‘In the early morning the shirt factory horn called women from Creggan, the Moor, and the Bog.’
The lyrics of Phil Coulter’s popular song, ‘The Town I Iove so well,’ evoke a time when Derry, under fire in the early days of Northern Ireland’s Troubles, could still provide jobs for the city’s working-class estates.
The factories are long gone, but the estates remain, entrenched in deprivation. Last week’s local government elections saw Gary Donnelly, a convicted criminal, dissident republican and former member of the ‘Real’ IRA, top the poll in the streets where journalist Lyra McKee bled her life away just two weeks previously. It is a depressing outcome in a contest that saw Northern Ireland’s centre-ground politics gain confidence and seats elsewhere.
The Moor electoral ward is something of a struggling outrider even in a liminal place like Derry. Economic and social deprivation here has stubbornly resisted years of peace processing and dependency on an otherwise (politically) resented state is generational. More than 40 per cent of its residents have no educational qualifications and 62 per cent are not in employment. The years since the signing of the Belfast agreement have been relatively kind to Northern Ireland’s capital city in terms of prosperity. By contrast, Derry, the second city on the fringe of the United Kingdom in every measure from per capita income to economic growth has either stagnated or gone backwards.
There’s plenty of evidence globally to show that there are strong links between economic stagnation and the sort of violent extremism that still glows with malignant strength in some of Northern Ireland’s forgotten communities. It is far easier to cultivate a grievance narrative in a place with very few legitimate ways for young people to advance out of poverty. A lack of formal power or agency is then easily overwritten by a combination of simple mythology and the insurgent glamour of excitement and status. A fragile state, rejected beyond its handouts and locally dysfunctional, cannot compete with the hate groomers.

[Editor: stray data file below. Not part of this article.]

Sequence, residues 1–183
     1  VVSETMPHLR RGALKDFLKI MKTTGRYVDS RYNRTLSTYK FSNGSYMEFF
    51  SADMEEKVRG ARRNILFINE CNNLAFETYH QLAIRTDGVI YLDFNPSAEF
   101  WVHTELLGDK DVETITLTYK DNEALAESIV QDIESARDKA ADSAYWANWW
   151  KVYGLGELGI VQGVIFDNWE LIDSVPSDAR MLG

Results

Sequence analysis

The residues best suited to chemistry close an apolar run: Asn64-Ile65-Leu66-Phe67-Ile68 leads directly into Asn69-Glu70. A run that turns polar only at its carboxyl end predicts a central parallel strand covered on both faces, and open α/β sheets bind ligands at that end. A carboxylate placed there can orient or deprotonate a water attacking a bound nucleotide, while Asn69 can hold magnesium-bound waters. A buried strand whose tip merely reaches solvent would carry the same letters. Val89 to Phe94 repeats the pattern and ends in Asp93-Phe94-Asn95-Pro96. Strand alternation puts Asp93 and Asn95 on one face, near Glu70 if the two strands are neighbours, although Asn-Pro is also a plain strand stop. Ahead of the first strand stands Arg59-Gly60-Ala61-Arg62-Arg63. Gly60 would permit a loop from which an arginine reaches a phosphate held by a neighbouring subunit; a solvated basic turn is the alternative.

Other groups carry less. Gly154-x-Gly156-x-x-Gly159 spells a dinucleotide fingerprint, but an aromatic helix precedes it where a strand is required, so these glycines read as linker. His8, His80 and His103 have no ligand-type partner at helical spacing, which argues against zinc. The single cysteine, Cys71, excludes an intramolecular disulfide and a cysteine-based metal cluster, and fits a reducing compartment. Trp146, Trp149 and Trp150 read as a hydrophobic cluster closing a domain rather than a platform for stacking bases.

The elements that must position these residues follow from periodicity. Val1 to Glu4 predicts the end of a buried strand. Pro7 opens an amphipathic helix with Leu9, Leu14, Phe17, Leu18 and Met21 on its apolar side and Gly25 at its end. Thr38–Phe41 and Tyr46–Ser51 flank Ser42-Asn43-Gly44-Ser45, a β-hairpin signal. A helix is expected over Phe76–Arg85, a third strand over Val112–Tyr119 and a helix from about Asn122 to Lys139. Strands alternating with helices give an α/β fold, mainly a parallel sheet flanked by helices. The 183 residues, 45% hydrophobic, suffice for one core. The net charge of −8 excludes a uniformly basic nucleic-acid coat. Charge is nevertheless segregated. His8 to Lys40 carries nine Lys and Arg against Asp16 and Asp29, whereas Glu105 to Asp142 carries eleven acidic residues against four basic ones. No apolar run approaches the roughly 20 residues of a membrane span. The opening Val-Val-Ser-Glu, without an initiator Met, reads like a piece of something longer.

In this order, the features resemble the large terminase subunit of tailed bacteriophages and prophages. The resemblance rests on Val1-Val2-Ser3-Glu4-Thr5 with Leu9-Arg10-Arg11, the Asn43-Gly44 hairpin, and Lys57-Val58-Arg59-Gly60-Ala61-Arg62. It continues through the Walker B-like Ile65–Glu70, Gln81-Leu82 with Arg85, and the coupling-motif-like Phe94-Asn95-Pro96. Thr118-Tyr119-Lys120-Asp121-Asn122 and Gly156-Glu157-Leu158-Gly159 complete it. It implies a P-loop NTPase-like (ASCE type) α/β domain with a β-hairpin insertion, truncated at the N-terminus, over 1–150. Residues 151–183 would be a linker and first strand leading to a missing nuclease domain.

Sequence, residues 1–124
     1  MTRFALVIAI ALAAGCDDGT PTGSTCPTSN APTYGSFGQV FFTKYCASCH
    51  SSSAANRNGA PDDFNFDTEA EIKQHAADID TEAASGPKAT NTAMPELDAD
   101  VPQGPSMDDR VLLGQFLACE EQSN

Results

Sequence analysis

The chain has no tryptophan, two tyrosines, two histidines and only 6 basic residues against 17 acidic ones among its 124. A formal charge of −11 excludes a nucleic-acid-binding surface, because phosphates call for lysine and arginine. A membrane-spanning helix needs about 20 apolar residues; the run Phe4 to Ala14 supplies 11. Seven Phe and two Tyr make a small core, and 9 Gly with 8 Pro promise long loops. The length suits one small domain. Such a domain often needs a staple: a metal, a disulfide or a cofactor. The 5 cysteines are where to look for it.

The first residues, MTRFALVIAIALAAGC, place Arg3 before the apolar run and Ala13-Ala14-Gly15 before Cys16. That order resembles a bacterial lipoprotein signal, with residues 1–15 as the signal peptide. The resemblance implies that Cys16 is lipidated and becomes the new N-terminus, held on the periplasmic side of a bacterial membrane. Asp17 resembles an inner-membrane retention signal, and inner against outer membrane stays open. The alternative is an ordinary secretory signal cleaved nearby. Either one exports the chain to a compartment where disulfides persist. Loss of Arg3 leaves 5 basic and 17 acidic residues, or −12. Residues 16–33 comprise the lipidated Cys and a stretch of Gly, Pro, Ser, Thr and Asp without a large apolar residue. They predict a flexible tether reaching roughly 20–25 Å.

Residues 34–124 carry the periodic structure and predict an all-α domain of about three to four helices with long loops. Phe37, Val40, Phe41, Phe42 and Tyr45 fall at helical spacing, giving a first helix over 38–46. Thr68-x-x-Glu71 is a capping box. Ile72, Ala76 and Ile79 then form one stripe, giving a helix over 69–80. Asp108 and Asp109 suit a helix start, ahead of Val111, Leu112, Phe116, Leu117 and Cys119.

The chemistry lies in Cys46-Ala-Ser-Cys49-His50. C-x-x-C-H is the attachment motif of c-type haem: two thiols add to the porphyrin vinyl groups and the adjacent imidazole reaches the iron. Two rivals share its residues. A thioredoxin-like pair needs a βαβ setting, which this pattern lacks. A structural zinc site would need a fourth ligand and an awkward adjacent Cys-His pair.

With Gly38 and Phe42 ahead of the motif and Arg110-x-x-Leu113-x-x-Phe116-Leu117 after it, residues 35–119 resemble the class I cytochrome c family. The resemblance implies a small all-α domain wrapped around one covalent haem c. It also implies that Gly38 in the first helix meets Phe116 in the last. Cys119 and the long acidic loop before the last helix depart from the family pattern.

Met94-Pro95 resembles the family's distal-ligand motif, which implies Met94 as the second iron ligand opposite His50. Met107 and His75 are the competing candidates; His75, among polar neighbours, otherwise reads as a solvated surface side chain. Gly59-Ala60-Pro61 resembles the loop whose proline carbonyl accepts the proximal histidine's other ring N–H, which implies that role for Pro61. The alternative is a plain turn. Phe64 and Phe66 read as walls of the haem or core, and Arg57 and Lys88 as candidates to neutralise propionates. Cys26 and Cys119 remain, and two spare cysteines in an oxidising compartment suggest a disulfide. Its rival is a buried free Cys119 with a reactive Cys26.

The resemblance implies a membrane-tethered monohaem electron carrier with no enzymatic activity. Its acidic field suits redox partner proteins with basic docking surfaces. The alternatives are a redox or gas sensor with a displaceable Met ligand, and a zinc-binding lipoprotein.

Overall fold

These toxic factors continue to incubate a low level insurgency that while very local and mostly contained by the security forces is nevertheless sporadically lethal and also immune to treatment. Saoradh, the sullen mouthpiece of the New IRA is content to hold its position as the Millwall FC of Irish politics. No one likes them and they don’t care. The integrity of the armed struggle, no matter how rejected by society beyond the ghetto, is undimmed as long as what they see as Britain’s colonial presence persists in Ireland.
In this sense they are, for all the ‘community activist’ bluster implacably opposed to raising the condition of the people they represent. For just as there is a relationship between economic stagnation and violent extremism, they can’t have prosperity threaten their fiefdom or redirect a ready supply of credulous teenagers to the cause. To paraphrase James Joyce, the old sow of physical force republicanism still needs her farrow to eat for Ireland.
Derry doesn’t need more peace-processors to defeat these goons. Derry needs jobs.